Community Health Systems'
rich buyout of
is leaving some investors feeling disenfranchised.
turned heads on Wall Street last month by topping a $4.6 billion leveraged buyout offer for Triad. Community won the day by promising a near-record price of $54 a share, or $5.1 billion, for its Plano, Texas-based peer.
Both companies' boards unanimously approved the huge takeover, which will double Community's size and stretch its operational strategy. Now Community needs the blessing of Triad shareholders to seal the deal.
But shareholders of Franklin, Tenn.-based Community won't be voting. The deal doesn't require their approval, observers say, because of a little-appreciated legal distinction involving the currency used in an acquisition.
Because of the vagaries of Delaware law, shareholders of the acquiring company must vote on a deal in which their company issues stock. But Community has indicated that that wasn't an option with Triad.
"We are willing to be the successful bidder," Community CEO Wayne Smith explained in a conference call focused on the buyout. "I think it was a cash deal, and I think that was what was required to get it done. ... I just don't think we would have been successful with stock."
Smith could be exactly right. After all, Community was competing with an all-cash offer that was already on the table. Moreover, hospital stocks -- including Community's own -- have been languishing in a tough industry environment.
Of course, even without a vote, shareholders always have the option of selling their shares. Community Health investors haven't been doing that, despite worries in some quarters about the deal's price and difficult operating conditions. Shares of the company have doubled since 2003 and are just a dollar below their level ahead of last month's buyout announcement.
And from the standpoint of Triad investors, the sale to Community has been a dream. Shares are trading at their 52-week high, and Triad's handling of its auction struck some observers as a
model of enlightened corporate governance.
Even so, some observers contend that Community shareholders should have some input. They blame a loophole in Delaware corporate law for the problem.
Back when that law was passed in the 1960s, they say, Delaware-incorporated companies such as Community would have found it harder to borrow enough money to pay cash in huge transactions. Thus, they say, the companies would have relied on stock -- and shareholder approval -- for big deals. But in today's environment of easy credit, they add, those companies have no problem borrowing billions.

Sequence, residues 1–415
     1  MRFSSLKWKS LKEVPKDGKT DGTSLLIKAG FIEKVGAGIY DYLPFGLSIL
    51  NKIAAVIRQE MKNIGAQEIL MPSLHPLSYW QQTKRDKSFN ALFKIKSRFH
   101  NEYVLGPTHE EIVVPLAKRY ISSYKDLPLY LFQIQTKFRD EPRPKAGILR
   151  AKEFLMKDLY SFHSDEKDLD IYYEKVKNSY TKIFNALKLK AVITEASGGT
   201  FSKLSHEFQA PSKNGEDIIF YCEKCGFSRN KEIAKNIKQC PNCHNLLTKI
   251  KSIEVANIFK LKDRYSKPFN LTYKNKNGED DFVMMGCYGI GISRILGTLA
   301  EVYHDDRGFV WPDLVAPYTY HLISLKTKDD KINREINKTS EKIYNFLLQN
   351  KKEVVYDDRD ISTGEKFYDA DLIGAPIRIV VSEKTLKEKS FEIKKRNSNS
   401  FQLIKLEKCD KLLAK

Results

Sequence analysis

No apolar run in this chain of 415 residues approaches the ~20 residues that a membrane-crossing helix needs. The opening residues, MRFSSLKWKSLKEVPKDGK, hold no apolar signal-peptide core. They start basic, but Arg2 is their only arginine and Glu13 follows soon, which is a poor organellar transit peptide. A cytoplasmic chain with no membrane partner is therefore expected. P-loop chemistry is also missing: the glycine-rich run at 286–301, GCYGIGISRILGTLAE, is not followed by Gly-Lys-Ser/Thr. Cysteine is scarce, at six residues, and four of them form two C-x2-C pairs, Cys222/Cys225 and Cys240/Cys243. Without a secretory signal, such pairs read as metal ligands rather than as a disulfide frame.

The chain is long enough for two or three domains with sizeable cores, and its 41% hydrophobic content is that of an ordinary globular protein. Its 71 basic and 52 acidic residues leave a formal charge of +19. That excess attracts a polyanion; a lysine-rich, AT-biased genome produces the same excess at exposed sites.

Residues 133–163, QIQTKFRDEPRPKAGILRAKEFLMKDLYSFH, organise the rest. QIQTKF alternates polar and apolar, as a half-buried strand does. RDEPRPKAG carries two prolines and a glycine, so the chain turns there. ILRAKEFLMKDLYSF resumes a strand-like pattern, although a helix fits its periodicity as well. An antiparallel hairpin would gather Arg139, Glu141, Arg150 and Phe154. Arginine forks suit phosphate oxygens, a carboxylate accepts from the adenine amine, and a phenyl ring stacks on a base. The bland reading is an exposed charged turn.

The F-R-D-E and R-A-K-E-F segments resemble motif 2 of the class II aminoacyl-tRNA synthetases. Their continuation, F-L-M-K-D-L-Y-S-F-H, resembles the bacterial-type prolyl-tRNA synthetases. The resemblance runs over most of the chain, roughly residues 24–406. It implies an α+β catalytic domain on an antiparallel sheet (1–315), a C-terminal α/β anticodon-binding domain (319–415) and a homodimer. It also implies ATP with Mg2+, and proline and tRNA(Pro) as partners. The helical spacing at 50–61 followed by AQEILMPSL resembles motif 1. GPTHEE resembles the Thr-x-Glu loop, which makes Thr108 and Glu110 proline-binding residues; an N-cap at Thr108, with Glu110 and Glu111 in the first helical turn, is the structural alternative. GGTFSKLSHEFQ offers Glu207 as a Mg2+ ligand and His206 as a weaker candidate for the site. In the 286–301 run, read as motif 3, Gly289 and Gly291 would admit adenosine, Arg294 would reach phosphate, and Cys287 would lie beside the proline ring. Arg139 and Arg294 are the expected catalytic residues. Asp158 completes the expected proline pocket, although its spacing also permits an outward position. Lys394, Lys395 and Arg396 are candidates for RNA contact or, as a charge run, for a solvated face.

"Community shareholders have been locked out, and that's a real problem," says Richard Clayton, research director at CtW Investment Group. "This is certainly a circumstance in which a company ought to make a case to its shareholder -- and ought to have to make it."
CtW works with union-sponsored pension funds that own sizable chunks of Community's stock. Already, Clayton says, some of those funds have expressed concern -- and even frustration -- about the company's current plans. Specifically, he adds, they worry about both the price and the rationale for the pending deal.
For its part, Community has portrayed the price tag on Triad as fair. The company says that it has paid a similar amount -- based on a revenue multiple -- for other hospitals in deals that have worked out well.
But others question the deal.
Sheryl Skolnick, senior vice president of CRT Capital Group, says Community is paying "a significant premium to any conceivable or rational multiple based on Triad's recent and likely future performance."
As a result, Skolnick recommends that investors buy Triad and sell Community short. She has no position in either stock, and her firm has no ties to either company.
Down the road, critics fear, Community could wind up with a huge case of buyer's remorse. Not only is Community overpaying for Triad, they believe, but it is also buying much larger hospitals than it is used to running -- and a lot of them at one time.
Notably, Community has enjoyed great success by focusing on rural hospitals that monopolize their markets. Now, however, the company is adding a slew of larger hospitals that operate in competitive markets instead.
Some people worry as a result.
"Company leadership hasn't offered a good argument about why this makes sense," Clayton says. "They haven't convinced the skeptics yet. They might be able to get there -- but they're going to have to do more."